Download: Apple App Store | 
Google Play

Gem Mine

Become the next high scoring miner! Gem Mine is an intense, multilevel, gem catching, rock avoiding, ax throwing, power-up game that will have you playing for hours! The object of the game is to catch gems while avoiding the falling rocks of the mine. Try to reach a high score by throwing your ax and using power up shields to avoid the rocks. Other mysteries and hazards exist as well deeper in the mine, and you only have 3 lives, so beware of what you collect in the mine!


Download: Google Play

Subterranean Rocket Mailmen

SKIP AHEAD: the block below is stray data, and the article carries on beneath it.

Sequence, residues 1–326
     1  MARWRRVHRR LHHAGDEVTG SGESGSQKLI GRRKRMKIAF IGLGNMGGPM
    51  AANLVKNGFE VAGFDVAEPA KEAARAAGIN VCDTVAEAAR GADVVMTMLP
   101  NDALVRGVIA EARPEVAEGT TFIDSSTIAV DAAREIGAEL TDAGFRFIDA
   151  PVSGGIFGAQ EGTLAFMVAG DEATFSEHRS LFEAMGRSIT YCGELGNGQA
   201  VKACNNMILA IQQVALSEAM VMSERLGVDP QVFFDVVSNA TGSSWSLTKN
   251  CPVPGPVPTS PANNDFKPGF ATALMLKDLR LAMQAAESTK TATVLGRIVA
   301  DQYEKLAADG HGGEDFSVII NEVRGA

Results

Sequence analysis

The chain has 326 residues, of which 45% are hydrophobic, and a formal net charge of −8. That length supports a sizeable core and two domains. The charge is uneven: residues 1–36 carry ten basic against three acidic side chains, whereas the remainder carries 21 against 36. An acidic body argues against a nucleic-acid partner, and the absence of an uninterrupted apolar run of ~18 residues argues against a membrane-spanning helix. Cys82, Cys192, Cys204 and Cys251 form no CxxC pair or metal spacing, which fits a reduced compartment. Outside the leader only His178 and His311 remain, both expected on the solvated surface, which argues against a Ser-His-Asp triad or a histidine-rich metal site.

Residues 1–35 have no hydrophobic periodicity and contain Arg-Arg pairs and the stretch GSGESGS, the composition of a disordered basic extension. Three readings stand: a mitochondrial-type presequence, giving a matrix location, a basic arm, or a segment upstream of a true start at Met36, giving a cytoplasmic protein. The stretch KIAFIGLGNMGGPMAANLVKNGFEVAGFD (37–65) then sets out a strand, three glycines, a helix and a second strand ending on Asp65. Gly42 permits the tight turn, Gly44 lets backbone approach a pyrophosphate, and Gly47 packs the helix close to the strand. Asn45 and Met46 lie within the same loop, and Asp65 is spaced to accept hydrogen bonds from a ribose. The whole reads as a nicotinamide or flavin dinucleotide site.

In this fast-paced platformer, play as a futuristic mailman jumping to make his delivery. Pick up other jet packs to help him boost to his destination. Be careful, though. There are several hazards including dysfunctional jet packs, spikes, and even an angry dog! Get rocketing!


Download: Google Play

Rob Miracle

Rob is the Developer Relations Manager for Corona Labs. Besides being passionate about helping other developers make great games using Corona, he is also enjoys making games in his spare time. Rob has been coding games since 1979 from personal computers to mainframes. He has over 16 years professional experience in the gaming industry.

  • J. A. Whye
    Posted at 14:04h, 13 January

    Cool case study! As someone who’s going after a degree so I can teach game dev at the college level, this is good ammunition for helping convince universities there are legit options rather than the two U’s (Unreal and Unity).